French cultural actors and organisations have protested after the government’s decision to leave venues such as theatres, cinemas and museums closed for another three weeks, at least until 7 January, despite lifting the second Covid-19 lockdown on Tuesday.
In France, 15 December marks the lifting of the six-week-long second lockdown. But cultural venues have been left out.
The decision provoked anger across the sector, with the CGT-spectacle union calling a demonstration at Paris’s Place de la Bastille on Tuesday.
Demonstrators chanted “open up theatres”, “open cinemas” and “lift the lockdown on culture”.
Several more rallies were planned across France. Protesters brandished placards reading “Culture, essential food”, “We’re going to die – and not even on stage” and “Art is a weapon of mass construction”.
“It’s a disaster, I haven’t worked for six months”, Martin, a 27-year-old casual entertainment worker, told AFP. “The theatres are also reluctant to take us on again because decisions are constantly changing. What is happening is a death sentence.”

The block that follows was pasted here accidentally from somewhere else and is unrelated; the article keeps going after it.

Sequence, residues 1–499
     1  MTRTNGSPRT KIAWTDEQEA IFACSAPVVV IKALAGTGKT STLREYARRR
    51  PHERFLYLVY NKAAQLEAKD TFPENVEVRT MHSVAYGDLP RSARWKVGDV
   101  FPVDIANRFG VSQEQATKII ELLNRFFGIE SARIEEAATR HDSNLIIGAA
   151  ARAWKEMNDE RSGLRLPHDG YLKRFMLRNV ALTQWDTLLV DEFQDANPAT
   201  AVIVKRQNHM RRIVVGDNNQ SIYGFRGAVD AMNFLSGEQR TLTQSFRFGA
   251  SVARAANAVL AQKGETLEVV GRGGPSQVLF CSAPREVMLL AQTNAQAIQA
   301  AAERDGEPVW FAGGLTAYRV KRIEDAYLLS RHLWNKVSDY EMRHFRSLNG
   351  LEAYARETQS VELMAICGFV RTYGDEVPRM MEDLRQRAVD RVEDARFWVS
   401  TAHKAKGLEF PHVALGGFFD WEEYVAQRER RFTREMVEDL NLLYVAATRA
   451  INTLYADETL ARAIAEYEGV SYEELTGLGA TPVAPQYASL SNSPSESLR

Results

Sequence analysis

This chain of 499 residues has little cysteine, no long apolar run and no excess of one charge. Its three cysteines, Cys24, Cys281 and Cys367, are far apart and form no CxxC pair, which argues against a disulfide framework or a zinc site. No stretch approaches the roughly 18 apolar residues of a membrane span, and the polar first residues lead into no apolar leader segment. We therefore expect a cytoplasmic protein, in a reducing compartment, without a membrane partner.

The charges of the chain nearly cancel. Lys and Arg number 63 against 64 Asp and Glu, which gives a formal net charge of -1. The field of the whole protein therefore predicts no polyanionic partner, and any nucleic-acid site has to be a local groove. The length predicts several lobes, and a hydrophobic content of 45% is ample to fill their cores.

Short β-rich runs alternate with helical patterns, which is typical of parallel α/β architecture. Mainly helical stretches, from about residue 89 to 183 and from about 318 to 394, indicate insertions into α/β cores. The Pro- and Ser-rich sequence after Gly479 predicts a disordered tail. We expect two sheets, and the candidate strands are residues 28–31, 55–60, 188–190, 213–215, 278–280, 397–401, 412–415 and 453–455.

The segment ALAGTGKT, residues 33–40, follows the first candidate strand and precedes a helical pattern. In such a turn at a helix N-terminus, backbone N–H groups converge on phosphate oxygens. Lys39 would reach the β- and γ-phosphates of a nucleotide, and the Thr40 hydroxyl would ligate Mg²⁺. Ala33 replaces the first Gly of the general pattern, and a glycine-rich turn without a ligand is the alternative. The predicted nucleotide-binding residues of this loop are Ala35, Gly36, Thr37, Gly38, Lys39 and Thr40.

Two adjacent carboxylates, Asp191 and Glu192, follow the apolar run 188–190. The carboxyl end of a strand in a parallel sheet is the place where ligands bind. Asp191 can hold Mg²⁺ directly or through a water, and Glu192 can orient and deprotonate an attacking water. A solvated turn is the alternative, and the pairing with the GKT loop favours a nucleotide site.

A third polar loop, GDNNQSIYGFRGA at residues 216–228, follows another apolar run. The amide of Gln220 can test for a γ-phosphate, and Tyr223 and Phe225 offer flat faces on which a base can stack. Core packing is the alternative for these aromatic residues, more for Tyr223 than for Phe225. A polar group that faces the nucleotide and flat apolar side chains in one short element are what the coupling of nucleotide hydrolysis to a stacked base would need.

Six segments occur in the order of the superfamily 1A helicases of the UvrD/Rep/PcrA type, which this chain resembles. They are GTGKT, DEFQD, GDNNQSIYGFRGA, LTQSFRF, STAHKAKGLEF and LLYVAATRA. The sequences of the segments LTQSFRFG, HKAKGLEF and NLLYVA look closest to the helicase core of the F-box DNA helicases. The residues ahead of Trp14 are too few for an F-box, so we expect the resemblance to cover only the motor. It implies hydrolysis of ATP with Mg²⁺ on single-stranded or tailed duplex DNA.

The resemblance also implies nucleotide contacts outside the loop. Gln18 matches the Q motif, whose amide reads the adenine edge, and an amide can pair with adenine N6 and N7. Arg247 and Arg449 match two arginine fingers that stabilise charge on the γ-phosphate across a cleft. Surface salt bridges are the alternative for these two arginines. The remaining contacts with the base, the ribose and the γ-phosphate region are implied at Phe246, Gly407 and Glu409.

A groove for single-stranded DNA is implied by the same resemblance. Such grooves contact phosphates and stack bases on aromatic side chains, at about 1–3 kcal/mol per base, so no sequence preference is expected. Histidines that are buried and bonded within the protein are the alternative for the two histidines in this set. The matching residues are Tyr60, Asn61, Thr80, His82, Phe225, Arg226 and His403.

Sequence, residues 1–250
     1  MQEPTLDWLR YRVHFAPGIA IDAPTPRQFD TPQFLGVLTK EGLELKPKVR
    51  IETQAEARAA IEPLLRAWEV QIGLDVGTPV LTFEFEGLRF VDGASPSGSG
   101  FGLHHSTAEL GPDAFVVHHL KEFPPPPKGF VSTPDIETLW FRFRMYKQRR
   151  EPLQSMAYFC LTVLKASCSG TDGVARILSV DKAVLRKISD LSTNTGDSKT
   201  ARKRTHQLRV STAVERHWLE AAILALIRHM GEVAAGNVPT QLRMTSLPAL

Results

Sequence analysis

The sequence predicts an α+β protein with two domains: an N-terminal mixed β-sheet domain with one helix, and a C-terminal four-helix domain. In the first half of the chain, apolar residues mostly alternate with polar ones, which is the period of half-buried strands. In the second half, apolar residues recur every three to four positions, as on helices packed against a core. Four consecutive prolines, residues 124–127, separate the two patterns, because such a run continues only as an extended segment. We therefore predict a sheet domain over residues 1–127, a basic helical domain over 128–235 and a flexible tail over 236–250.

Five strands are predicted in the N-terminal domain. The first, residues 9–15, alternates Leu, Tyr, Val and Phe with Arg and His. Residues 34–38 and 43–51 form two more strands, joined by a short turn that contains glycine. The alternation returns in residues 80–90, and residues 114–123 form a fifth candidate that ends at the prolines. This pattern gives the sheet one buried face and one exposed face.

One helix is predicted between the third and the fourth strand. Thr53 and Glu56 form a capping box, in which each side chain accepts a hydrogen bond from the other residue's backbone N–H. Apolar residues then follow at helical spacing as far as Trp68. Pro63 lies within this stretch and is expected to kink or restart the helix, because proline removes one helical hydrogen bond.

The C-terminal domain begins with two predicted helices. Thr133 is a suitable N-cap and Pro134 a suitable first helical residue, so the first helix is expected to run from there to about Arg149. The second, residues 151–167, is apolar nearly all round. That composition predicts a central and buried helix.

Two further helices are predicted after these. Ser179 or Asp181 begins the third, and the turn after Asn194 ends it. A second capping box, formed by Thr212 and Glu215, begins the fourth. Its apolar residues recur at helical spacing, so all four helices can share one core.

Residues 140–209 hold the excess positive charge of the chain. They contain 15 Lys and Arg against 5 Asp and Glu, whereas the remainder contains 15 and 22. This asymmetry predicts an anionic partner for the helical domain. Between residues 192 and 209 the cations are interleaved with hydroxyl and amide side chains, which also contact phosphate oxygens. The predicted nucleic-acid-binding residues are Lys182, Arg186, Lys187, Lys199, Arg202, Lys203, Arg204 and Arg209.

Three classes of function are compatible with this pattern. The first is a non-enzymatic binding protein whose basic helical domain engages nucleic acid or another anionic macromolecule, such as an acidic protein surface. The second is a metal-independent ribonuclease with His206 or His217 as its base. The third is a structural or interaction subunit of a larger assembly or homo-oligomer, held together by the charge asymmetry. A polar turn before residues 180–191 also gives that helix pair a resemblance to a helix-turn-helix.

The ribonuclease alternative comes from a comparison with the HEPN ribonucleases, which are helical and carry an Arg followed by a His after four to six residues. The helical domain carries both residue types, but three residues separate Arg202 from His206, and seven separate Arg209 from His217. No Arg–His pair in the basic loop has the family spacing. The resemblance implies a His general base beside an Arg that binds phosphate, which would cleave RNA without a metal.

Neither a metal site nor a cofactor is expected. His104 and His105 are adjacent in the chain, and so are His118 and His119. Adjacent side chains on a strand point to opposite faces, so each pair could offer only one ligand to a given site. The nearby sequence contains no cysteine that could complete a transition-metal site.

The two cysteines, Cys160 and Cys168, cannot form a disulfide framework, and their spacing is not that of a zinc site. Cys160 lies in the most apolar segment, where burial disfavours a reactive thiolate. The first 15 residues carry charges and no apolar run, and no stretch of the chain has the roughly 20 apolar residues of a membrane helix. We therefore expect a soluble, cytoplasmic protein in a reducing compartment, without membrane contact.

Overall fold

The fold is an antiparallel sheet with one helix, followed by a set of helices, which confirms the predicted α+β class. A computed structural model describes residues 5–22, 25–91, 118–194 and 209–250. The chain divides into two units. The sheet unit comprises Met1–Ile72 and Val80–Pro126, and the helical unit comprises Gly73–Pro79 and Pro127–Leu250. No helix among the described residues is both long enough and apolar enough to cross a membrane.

“We want to be told when we can reopen; you can’t reopen a theatre at the drop of a hat,” said actor Christophe Alévêque. “This is a show of contempt towards the public — we’ve had to tell people there’s been a change of time, a change of date… We’ve been very patient, but now it has to stop.”
Sylvie, a retired costume designer, said she was “appalled by the government’s disdain for culture sector, which is constantly being relegated to the back burner”.
Trade unions and artists are to take the protest to France’s highest administrative court, the Council of State, like representatives from the catering and ski sectors, in the hope of overturning the government’s decision.—AFP